Since the big bang, 13 billion years have gone by and in that time, while the universe has been expanding, the primordial soup has re-arranged itself into different flavors, or patterns. One of the major ingredients of that soup is hydrogen. “Hydrogen is a light, odorless gas which, given enough time, changes into people” (Christian p. 27). Hydrogen in the universe, hydrogen in people. People in the universe, people on Earth. “About 300,000 years after the big bang, all the ingredients of creation were present …. Since that time, nothing has really changed” (Christian p. 26). The ingredients – the building blocks of our world – remain the same, but they come together in different ways, forming new patterns. Gravity, energy, matter, electromagnetism – all forces that make up the universe.
The unification of two theories – Einstein’s theory of relativity and the theory of quantum mechanics – is a fundamental goal of physics. Can string theory blend the theory of the large scale and the theory of the small scale into one mathematical equation that explains the code of the universe? String theory states that everything in the universe is made from a single force – tiny, vibrating strands of energy, according to the film “Einstein’s Dream,” and also that there are actually 11 dimensions, not three, and that there are parallel universes. Studying the behavior of light helped Einstein solve the mystery of gravity for his theory of relativity. In quantum mechanics, microscopic atoms were found to consist of even smaller particles. In the film, “String’s the thing,” the theory of relativity is explained as a mathematical equation for how gravity works; large objects can warp and stretch; our planet is following the curves and contours of the sun. Quantum mechanics is explained as a mathematical equation for the smallest particles in the universe in which the “fabric becomes bumpy and turbulent, conventional ideas are distorted; there’s no left / right, up / down, before / after.” On a large scale, humans appear the same; they are born, live and die. Moving in closer, looking at geographic groups of humans, differences appear due to culture and climate. Moving in closer still, differences appear in sexes, physical appearances, health and mental capacity. We can continue to move in to see individual human beings as people with names, jobs, families and homes. We can look at how these individuals interact with their environment and each other, what types of societies they live in and their respect, or lack of respect, for society’s laws. How do their actions affect their close environments? How do their actions affect the planet? Do their actions have a universal effect? The answer is yes, all actions affect everything in the universe because “at the heart of every bit of matter is string. String unites the world of the large and the world of the small” (“String’s the thing”).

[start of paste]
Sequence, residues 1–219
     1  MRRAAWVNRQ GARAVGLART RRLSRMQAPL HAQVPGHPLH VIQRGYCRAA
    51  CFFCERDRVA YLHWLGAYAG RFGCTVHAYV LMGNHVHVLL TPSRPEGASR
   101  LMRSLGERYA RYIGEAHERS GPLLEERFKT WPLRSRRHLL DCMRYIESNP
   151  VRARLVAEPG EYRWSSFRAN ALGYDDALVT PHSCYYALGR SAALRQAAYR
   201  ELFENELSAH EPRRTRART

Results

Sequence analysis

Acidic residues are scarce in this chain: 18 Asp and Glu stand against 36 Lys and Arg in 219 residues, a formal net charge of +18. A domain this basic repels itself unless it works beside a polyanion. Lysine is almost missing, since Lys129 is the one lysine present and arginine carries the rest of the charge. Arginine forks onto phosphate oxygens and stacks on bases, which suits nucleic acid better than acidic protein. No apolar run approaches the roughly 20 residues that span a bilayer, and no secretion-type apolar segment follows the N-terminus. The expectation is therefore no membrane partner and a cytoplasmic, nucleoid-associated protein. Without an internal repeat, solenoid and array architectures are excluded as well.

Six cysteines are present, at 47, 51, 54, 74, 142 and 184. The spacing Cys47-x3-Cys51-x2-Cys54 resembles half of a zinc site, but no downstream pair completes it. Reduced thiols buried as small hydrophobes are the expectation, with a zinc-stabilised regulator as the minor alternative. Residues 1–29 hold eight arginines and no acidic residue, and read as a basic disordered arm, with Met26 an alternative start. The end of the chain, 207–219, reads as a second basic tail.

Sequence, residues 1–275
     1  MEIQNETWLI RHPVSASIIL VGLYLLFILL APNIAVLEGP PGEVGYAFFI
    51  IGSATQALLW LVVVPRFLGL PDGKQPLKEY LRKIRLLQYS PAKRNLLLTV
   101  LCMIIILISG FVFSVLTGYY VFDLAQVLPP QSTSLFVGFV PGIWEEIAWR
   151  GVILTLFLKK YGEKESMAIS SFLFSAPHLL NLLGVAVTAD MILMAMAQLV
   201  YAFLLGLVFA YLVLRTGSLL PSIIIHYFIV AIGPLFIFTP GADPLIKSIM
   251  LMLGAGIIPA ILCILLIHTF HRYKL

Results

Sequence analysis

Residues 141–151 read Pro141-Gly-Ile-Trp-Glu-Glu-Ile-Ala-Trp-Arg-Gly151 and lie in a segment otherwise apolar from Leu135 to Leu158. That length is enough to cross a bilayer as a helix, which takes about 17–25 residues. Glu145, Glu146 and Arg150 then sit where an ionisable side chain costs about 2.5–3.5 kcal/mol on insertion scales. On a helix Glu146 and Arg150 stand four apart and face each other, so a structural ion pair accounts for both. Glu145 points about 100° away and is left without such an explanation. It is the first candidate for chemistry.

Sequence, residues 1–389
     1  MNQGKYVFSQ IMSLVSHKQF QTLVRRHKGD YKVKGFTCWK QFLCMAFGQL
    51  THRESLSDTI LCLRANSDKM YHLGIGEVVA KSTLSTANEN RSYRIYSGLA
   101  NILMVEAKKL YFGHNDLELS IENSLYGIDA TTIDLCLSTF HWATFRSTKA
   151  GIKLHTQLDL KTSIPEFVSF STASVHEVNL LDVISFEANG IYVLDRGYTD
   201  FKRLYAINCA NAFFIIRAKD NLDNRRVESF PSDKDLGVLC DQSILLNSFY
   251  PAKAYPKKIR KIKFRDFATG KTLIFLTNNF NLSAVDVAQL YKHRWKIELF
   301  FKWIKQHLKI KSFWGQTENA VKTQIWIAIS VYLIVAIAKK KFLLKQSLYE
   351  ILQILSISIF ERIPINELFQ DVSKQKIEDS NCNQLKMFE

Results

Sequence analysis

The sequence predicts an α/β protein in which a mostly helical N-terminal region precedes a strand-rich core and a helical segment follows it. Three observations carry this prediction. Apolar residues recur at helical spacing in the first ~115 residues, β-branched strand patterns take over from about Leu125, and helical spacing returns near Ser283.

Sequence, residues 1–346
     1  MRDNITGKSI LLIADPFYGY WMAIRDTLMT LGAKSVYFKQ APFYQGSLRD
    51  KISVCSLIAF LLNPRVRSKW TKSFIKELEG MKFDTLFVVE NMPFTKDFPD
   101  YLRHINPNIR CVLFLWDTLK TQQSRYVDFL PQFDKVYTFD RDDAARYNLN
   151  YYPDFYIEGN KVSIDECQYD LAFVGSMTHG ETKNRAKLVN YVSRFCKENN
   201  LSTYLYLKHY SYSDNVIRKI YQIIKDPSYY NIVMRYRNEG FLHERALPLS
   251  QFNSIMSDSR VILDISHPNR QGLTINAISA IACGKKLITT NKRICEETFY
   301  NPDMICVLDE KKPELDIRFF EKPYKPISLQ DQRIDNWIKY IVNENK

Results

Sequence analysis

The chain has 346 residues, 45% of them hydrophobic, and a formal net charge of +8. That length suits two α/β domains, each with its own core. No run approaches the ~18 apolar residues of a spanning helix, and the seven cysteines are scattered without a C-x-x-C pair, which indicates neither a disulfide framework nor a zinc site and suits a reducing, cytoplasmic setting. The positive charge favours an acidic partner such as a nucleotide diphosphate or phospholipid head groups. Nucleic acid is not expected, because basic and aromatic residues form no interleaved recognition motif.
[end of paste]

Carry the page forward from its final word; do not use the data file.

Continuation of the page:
In the third film “Welcome to the eleventh dimension,” we learn that strings – strands of energy – are “versatile, they vibrate at different frequencies and patterns which create all the fundamental particles of the universe.” When my brother became sick in 1970, I made all kinds of silent deals with God, particularly this one: “If you let my brother live, I’ll be good.” After my brother died, I shut God out of my life for years. I figured God hadn’t listened to me, so why should I worship him? Rather than worship God, I came to believe, and talked myself into it, that there was a universal energy that created the world around me. String theory just seems to fit in with my belief. Coincidence? Serendipity? Science cannot disprove the theory of string, because it is not observable in a telescope nor can it be disproved in the laboratory. I am comfortable with string theory. I am made of stardust and string.